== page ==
Green Tea

By on December 16, 2011

 Green Tea


1. Determine how many cups of green tea you want to make. The original guideline for brewing is one teaspoon (5 ml) of green tea leaves (or pearls) per one cup of water. This will yield one cup of brewed tea.
2. Measure out the desired amount of green tea leaves (or pearls) and place them in your tea strainer or sieve.
3. Fill a non-reactive pot or pan (glass or stainless steel) with water and heat it to about 180 °F (80 °C). You can use a candy thermometer to watch the temperature, but if you don’t have one, then keep an eye on the water so that it doesn’t boil.
4. Place the filled tea strainer or sieve into an empty mug.
5. Pour the heated water into the mug, over the tea leaves.
6. Steep the tea leaves for 2 – 2 1/2 minutes but not any longer, or else your tea will become bitter.
7. Let your tea cool a few moments and enjoy your perfect cup of green tea.


* Filtered water is especially recommended, especially if your tap water has a distinct taste or smell.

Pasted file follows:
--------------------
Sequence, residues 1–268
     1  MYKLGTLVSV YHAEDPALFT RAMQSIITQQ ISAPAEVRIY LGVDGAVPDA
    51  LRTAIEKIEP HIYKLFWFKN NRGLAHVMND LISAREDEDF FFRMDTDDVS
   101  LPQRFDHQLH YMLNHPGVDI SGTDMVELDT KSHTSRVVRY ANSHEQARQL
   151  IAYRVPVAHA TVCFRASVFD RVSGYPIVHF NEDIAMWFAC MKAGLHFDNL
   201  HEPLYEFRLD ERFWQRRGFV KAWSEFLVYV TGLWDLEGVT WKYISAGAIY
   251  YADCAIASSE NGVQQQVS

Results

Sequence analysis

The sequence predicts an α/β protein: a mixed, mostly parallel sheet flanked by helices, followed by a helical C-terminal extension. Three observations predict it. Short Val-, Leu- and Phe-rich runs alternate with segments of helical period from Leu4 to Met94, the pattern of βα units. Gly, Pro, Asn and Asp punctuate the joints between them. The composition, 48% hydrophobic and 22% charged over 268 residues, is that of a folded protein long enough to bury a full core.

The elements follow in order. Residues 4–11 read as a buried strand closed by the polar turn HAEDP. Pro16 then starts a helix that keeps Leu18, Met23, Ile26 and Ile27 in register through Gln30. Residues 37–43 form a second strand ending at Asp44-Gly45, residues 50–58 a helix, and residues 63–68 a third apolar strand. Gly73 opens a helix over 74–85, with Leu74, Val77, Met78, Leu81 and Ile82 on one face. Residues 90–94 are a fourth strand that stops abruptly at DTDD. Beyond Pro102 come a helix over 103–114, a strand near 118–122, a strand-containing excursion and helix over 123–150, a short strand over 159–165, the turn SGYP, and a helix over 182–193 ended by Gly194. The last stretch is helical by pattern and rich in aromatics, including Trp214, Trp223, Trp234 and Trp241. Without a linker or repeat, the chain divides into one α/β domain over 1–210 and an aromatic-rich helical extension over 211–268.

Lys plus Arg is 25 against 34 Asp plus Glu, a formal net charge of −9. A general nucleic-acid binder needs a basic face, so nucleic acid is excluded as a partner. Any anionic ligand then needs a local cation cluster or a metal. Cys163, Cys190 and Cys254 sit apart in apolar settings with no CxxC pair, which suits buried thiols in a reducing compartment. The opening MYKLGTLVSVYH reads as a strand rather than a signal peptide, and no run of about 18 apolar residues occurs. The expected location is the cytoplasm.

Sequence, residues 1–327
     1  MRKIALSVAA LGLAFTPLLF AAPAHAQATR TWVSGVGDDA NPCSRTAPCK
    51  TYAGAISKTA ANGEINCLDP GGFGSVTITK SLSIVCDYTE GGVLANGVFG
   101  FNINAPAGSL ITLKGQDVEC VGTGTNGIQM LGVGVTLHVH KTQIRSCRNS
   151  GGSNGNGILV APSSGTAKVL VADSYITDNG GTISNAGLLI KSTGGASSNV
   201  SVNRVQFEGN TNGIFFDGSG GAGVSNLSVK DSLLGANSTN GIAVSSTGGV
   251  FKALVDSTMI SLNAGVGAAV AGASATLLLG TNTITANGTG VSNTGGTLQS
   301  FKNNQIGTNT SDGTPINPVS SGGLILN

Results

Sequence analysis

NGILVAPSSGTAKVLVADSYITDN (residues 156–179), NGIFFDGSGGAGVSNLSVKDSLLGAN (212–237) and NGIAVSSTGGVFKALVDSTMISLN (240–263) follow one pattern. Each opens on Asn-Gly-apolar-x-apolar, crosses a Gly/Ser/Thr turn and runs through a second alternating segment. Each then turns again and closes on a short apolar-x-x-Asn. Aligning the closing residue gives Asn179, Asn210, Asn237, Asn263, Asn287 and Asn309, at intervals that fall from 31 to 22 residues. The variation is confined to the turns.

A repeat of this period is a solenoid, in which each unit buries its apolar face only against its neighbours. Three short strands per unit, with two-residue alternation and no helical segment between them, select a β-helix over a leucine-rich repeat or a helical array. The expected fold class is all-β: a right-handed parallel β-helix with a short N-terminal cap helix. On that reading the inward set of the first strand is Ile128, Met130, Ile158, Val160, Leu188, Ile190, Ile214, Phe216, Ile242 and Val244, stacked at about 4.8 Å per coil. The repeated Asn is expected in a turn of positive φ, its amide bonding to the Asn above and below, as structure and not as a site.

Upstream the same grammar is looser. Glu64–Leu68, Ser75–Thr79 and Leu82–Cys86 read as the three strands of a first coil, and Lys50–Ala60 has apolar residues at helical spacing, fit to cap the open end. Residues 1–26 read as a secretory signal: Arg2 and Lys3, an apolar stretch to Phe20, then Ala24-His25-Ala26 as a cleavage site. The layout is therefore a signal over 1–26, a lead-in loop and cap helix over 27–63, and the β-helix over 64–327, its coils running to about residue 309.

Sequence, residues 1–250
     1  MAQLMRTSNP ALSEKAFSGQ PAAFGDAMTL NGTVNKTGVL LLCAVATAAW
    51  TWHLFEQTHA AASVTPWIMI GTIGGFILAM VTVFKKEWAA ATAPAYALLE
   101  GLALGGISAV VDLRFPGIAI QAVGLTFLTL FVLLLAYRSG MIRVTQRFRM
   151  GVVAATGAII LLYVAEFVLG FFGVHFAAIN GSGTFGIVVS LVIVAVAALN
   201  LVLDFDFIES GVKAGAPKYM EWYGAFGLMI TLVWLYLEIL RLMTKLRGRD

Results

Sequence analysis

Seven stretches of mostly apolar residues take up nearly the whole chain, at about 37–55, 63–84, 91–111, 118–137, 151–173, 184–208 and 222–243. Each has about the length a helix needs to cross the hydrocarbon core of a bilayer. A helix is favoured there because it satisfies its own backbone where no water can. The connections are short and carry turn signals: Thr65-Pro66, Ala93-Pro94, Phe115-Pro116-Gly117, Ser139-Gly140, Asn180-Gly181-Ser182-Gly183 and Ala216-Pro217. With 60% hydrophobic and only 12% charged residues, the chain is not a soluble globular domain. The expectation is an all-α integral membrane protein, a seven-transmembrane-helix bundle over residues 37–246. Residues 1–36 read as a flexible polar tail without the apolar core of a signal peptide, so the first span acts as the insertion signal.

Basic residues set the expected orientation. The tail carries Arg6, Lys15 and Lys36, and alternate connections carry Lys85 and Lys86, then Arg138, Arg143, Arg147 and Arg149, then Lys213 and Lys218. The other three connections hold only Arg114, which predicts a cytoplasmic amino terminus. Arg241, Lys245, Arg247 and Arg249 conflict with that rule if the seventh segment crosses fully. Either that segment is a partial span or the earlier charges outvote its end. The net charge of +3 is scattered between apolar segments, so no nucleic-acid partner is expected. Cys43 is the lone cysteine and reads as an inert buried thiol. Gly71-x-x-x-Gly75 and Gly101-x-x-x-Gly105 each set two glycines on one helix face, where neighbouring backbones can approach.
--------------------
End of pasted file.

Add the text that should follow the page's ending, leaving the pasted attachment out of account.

* You can shorten your preparation time by heating your water in your microwave.
* A glass coffee press (if you’re making more than one cup) or a glass mug (if you’re making one cup at a time) will allow the tea to cool quickly, minimizing bitterness.
* If you drink a lot of green tea, consider installing a hot-water dispenser on your kitchen sink. The temperature is perfect for green tea.
* To re-use your tea leaves (or pearls) just plunge the tea strainer into a cup of ice water immediately after the steeping process. Depending on the type of tea you’re using, you should be able to get at least one additional use of your leaves or pearls.


* The biggest mistake you can make with green tea is to steep it in water that’s too hot. Green, white or silver teas are different from black teas in that they need water that’s only about 180° to 185° (80 °C to 85 °C).
* The second biggest mistake is to steep for too long. Green tea shouldn’t be steeped for more than 2 to 2 1/2 minutes. White or silver teas should be steeped for even shorter periods–a minute and a half is usually perfect.